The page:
A man enthusiastically smiling while the sweat of terror streams down his face; a class of small children, singing with religious fervour for their murderous dictator; a fake church, filled with fake Christians, designed to trick a documentary crew into believing this is a free and tolerant country.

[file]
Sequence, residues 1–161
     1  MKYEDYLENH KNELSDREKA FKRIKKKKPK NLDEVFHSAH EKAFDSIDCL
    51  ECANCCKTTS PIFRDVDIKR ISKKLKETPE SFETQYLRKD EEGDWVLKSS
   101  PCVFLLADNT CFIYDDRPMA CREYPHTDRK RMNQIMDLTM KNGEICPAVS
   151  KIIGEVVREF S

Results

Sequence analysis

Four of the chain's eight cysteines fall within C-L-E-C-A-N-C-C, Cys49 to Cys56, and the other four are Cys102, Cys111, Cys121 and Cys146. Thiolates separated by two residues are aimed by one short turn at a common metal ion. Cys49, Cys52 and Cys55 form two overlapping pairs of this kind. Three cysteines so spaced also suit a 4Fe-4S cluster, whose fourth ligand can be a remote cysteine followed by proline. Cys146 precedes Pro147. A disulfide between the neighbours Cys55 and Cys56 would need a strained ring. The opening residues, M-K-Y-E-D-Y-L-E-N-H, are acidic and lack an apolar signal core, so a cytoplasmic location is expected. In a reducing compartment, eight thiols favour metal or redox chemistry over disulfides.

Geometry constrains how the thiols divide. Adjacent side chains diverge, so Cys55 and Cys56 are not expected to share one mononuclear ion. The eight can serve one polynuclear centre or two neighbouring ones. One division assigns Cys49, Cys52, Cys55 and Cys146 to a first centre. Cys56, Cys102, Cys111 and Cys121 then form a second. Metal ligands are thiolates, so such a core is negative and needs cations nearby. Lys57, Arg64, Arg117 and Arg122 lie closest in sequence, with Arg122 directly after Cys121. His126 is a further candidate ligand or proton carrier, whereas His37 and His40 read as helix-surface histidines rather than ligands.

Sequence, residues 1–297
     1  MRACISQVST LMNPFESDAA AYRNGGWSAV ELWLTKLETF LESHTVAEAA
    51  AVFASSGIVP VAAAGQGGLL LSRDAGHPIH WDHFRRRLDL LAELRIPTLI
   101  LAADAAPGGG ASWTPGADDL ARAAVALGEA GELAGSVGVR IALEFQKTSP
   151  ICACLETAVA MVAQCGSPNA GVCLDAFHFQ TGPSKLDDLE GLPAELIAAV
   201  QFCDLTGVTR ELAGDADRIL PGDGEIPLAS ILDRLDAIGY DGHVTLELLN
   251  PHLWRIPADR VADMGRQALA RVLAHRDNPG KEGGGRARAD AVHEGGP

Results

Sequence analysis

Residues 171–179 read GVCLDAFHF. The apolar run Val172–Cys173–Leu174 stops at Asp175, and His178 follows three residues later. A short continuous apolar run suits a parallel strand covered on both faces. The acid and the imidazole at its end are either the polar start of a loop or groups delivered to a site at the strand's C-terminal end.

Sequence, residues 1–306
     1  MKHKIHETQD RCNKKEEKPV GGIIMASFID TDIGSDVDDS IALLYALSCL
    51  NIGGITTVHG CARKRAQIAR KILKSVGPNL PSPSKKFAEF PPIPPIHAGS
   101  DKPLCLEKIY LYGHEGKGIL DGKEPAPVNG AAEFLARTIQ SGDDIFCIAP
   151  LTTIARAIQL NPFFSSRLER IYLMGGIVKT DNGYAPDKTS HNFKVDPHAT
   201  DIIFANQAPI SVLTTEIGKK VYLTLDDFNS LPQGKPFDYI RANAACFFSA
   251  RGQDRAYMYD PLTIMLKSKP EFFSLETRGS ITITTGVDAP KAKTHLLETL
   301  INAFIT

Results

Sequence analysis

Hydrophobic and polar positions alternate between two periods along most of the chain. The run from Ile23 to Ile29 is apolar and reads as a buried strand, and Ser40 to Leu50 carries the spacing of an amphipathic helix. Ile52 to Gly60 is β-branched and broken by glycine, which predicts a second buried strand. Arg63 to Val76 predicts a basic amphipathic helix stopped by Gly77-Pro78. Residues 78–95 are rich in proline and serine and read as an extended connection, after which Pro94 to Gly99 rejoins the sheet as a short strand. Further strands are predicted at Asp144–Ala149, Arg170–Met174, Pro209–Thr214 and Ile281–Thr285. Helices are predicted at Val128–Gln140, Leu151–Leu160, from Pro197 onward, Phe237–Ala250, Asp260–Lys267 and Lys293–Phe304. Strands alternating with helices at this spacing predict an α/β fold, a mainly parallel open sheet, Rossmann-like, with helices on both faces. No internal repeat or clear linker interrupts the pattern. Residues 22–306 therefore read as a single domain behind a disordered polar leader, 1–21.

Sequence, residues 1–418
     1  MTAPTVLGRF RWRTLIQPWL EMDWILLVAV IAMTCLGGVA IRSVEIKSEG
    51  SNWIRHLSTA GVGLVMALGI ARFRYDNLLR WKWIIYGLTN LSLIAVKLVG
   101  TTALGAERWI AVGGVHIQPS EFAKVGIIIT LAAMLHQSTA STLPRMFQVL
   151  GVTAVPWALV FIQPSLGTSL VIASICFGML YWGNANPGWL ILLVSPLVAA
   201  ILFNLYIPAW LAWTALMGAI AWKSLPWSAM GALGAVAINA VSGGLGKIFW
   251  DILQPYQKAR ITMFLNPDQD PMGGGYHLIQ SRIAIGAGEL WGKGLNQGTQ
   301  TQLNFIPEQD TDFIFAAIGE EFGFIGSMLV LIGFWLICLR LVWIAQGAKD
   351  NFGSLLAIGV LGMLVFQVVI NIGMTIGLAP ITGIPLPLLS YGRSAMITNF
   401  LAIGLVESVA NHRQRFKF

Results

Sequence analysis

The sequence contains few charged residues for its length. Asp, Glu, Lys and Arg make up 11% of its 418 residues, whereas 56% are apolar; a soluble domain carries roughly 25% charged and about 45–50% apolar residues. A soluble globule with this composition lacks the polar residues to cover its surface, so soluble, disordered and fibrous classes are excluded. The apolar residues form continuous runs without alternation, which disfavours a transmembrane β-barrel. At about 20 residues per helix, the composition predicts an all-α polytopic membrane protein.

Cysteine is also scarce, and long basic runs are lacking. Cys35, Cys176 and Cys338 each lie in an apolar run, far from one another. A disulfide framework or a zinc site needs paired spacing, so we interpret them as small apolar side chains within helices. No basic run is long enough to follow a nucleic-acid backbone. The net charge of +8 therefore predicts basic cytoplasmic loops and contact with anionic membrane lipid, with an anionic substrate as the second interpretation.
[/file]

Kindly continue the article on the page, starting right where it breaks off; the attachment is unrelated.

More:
These are just some of the confronting sights in The Propaganda Game, a documentary by Alvaro Longoria, which elucidates some of the hitherto unseen horrors that are run of the mill in North Korea. The film works best when the incredible, often terrifying footage of the hermit Kingdom is allowed to speak for itself. Also incredible is the testimony of North Korea’s sole foreign employee, a true believer who chose of his own volition to work for the repressive regime. Less valuable are the scenes in which the director, editorialising, hijacks his own film. Longoria, whose work with Oliver Stone, and involvement with films like Che might give you a clue as to his political leanings, tries to dress up his personal vendettas as even-handedness. The result is bizarre. Why, for example, set aside time in your documentary, which is ostensibly about North Koreans, to sledge Fox News? Some moral atrocities are greater than others. Equating the enslavement of 24 million people with American 24 hour cable news is vulgar to the point of incoherence.